Amaro said that this is being done to accommodate the variety of gameplay options within The Phantom Pain's open world.
"When you are in our environments, you need to observe, use your binoculars, mark the guys and say, okay, what do I do now?" Amaro said. "There's no obvious road."
The Kojima Productions designer went on to describe his difficulties transitioning to this design philosophy from his prior experience at 2K, Crytek and Ubisoft.
"I would start working on missions using my westerner's knowledge," Amaro said. "I was designing with the player as my main preoccupation. All I did was for the player, the player was at the centre of the game. And I was getting it all wrong, this goes against the vision for MGS5."
We hope to reveal Snake's character through the players' actions in those spaces that are smart to traverse. That's pure game storytelling...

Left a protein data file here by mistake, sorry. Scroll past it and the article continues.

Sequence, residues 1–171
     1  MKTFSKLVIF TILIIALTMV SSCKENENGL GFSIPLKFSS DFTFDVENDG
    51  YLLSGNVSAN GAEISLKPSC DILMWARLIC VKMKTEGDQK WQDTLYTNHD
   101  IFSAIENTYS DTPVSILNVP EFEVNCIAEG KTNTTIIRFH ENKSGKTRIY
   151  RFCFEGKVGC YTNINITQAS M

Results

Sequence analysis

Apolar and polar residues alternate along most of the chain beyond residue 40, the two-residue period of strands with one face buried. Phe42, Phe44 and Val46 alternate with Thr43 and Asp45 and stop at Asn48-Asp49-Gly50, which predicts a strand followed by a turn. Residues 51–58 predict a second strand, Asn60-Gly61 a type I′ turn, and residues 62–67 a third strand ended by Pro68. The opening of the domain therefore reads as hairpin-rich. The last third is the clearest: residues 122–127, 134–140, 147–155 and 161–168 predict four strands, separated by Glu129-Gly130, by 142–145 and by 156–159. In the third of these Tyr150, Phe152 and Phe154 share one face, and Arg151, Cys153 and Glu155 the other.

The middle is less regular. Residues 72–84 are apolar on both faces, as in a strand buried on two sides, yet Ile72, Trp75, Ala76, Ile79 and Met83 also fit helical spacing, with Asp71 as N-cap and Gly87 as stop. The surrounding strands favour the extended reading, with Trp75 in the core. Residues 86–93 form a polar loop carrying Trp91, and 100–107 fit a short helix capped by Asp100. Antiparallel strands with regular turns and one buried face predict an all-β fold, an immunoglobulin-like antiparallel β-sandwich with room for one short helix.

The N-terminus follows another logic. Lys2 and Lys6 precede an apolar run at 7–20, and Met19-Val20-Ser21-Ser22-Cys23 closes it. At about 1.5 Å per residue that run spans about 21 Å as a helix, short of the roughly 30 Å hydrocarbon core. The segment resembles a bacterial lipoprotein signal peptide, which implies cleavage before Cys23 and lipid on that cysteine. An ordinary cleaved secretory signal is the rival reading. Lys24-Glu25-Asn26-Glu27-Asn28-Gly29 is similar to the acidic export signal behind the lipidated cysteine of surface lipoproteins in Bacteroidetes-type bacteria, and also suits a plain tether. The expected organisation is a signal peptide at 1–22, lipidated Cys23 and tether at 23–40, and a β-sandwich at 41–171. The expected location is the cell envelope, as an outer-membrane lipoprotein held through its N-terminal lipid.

By making The Phantom Pain's gameplay "not just about the player," Amaro said Kojima Productions is able to focus on creating an environment in which players can craft their own stories through the game's systemic mechanics.
"We get rid of all the narrative burdens, like, Sam Fisher or whoever has to go through this emotional state or has to reach that guy," Amaro elaborated. "We just go for non-dependent objectives, and we just get rid of all that narrative burden and just focus on what makes the mission good at the core level.
"We hope to reveal Snake's character through the players' actions in those spaces that are smart to traverse. That's pure game storytelling, although it's still primal because the odds are what they are."
In addition to a reduced number of cutscenes and a focus on telling a story through players' actions, Amaro mentioned that Snake would not be talking as much in The Phantom Pain as the character did in previous Metal Gear Solid games: "[Kojima] said, if he talks too much then we have to pay Kiefer Sutherland a lot more!" he joked.
|Daniel Hindes is the AU editor at GameSpot, and you can follow him on Twitter @dhindes|
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